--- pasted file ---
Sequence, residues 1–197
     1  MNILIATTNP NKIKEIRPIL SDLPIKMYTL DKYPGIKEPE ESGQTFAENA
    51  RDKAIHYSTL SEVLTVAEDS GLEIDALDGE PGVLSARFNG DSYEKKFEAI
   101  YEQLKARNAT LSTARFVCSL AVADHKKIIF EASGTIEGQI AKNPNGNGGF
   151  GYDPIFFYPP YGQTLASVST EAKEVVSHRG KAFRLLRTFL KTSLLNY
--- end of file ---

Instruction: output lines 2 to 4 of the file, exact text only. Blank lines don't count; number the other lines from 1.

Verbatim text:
     1  MNILIATTNP NKIKEIRPIL SDLPIKMYTL DKYPGIKEPE ESGQTFAENA
    51  RDKAIHYSTL SEVLTVAEDS GLEIDALDGE PGVLSARFNG DSYEKKFEAI
   101  YEQLKARNAT LSTARFVCSL AVADHKKIIF EASGTIEGQI AKNPNGNGGF